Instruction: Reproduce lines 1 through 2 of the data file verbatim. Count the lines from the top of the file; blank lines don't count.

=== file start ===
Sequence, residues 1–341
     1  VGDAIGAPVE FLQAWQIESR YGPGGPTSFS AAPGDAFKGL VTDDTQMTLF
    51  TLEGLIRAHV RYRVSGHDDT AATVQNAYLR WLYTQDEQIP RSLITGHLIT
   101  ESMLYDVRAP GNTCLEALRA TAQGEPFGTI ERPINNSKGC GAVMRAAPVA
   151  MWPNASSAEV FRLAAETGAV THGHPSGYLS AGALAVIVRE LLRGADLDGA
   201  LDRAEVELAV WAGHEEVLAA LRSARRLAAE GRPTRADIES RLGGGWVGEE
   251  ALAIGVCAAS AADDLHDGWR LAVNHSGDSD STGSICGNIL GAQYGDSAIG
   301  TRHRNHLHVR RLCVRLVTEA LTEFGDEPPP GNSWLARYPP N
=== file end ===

Sequence, residues 1–341
     1  VGDAIGAPVE FLQAWQIESR YGPGGPTSFS AAPGDAFKGL VTDDTQMTLF